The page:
8 Common Types of Continuous Probability Distribution
In this section we will go over the theoretical definition and graphical visualization of 8 common continuous probability distributions (i.e., normal, t, uniform, exponential, f, chi-square, beta, and Weibull), look at examples, and discuss why each distribution is important.
1. Normal Distribution
Normal distribution, also known as Gaussian distribution, is a type of continuous probability distribution often used to approximate many real-world phenomena such as height, weight, test scores, and so on. In a normal probability distribution, most of the observations cluster around the central peak, whereas values further away from the mean taper away symmetrically on both sides and are less likely to occur.
The area under the normal distribution curve represents probability and sums to one. The normal distribution is symmetric and often called the “bell curve” because the graph of its probability density looks like a bell. The only two parameters to describe a normal distribution are the mean and standard deviation. When these parameters change, the shape of the distribution also changes (see Fig. 1). For a perfectly normal distribution the mean, median, and mode will be the same value, visually represented by the peak of the curve.
Among the key characteristics of a normal distribution it is worth stressing that it is unimodal i.e., it has only one high point (peak) or maximum, and its tails are asymptotic which means that they approach but never quite insect with the x-axis. This is important because it means that it is possible even very extreme values to occur by chance, at least in theory.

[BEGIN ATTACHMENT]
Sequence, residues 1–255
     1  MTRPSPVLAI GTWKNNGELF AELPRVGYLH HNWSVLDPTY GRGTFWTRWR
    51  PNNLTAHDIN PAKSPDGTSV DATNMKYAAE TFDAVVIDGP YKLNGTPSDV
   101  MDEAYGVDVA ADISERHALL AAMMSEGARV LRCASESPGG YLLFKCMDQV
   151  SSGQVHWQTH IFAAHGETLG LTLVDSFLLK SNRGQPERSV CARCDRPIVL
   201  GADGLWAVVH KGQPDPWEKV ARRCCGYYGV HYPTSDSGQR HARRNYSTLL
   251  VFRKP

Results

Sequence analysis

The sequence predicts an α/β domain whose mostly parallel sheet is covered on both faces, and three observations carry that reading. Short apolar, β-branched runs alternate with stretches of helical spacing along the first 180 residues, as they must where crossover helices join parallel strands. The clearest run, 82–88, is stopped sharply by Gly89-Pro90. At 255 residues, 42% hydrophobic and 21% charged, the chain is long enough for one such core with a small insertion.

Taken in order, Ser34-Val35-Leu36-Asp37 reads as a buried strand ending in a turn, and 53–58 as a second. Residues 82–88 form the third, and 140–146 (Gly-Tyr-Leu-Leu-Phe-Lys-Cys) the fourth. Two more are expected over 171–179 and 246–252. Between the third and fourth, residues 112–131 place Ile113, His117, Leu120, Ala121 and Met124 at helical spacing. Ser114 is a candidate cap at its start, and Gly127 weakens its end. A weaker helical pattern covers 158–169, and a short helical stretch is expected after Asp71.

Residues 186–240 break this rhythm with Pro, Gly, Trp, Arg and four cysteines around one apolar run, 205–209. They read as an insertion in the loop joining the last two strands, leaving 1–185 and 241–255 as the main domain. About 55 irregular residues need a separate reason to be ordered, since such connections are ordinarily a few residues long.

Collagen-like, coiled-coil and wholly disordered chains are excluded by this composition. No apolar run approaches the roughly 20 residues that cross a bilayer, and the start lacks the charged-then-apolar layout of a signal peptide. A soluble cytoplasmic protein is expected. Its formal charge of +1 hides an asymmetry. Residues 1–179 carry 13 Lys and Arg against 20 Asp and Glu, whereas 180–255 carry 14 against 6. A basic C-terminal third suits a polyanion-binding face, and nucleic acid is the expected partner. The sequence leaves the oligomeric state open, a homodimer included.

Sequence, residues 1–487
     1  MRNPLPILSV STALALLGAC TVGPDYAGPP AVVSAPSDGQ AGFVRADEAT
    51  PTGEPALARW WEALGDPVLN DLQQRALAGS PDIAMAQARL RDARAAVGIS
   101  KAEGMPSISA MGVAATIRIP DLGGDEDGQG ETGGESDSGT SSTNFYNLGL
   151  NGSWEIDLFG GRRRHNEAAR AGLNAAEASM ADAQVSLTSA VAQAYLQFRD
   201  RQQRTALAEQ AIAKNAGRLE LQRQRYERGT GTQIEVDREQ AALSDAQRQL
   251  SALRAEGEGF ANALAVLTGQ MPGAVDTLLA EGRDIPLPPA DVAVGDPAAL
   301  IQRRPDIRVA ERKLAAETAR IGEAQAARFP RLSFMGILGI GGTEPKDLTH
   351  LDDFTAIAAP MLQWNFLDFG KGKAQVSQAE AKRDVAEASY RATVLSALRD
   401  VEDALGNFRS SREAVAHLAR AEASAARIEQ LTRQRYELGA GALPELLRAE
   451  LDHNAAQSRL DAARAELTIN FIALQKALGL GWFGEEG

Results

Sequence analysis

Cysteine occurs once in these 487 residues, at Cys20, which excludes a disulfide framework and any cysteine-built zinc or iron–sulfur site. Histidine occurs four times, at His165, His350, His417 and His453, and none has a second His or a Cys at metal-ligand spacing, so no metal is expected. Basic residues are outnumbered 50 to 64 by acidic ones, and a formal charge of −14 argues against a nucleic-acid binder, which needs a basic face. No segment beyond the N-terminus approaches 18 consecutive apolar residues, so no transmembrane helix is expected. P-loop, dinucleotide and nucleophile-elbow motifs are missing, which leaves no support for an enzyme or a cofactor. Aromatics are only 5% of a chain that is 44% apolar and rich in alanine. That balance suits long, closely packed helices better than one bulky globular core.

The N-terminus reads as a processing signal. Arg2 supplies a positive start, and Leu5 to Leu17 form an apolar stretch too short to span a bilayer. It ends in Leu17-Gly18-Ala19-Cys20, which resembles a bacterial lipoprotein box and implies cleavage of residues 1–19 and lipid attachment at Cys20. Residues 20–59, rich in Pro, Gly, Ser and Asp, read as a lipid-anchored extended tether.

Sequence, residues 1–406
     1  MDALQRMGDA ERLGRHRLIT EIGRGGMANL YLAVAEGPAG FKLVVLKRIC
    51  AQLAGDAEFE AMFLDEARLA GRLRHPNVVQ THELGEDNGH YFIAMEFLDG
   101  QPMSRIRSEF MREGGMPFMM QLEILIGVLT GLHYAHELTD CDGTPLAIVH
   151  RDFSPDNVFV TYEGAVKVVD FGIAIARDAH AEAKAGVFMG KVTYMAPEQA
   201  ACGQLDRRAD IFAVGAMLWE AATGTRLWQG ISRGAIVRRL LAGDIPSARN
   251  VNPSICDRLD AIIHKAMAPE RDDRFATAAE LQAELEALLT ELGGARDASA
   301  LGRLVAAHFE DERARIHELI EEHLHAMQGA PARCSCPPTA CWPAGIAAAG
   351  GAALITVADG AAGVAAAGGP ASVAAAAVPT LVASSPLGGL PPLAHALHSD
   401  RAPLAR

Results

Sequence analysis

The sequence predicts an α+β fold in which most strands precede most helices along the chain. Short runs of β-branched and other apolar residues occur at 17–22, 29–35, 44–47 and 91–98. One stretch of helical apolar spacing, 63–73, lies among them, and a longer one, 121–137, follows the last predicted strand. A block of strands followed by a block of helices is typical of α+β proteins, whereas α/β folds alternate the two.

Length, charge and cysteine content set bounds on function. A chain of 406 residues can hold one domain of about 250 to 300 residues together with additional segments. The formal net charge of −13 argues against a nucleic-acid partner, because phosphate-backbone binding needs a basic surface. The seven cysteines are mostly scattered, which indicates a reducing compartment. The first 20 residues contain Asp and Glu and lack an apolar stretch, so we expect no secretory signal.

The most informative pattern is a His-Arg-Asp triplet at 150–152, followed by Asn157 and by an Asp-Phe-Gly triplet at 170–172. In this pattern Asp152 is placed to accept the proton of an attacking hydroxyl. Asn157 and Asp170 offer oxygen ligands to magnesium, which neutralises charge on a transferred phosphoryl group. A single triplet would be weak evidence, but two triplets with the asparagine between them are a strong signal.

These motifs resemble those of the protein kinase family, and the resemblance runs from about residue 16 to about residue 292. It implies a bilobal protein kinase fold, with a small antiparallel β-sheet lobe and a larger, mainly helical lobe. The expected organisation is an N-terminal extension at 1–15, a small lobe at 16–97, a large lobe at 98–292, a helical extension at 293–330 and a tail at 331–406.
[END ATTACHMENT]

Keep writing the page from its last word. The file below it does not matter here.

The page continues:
The formula of the PDF to calculate a normal distribution is given below:
f(x) is the probability density function
x is the value or variable of the data that is examined
μ is the mean
σ is the standard deviation
When standardizing a normal distribution, the mean is fixed to 0 and the standard deviation is fixed to 1. The standard normal distribution, also called z-distribution, is a special form of normal distribution. Any normal distribution can be converted to a standard normal distribution using the formula:
z = (x - μ) / σ
You may be wondering why the normal distributions are so popular.
Some of the credit goes to the Central Limit theorem. The central limit theorem states that the distribution of sample means approximates a normal distribution as the sample size gets larger, regardless of the population's distribution. Moreover, contributing to the popularity of normal distributions is the simplicity to work with them since it requires only two parameters to describe the distribution. Almost all of the inferential statistics, such as t-tests, ANOVA, simple regression, and multiple regression rely on the assumption of normality.
Even though normal distributions can often be the star of the show, assuming normality has its consequences, especially when working with predictive models. For example, during error analysis, if the errors are not truly random, then this assumption will not be valid. Hence, it is always advisable to test and find out what distribution your data follow instead of just blindly going with the popular guy!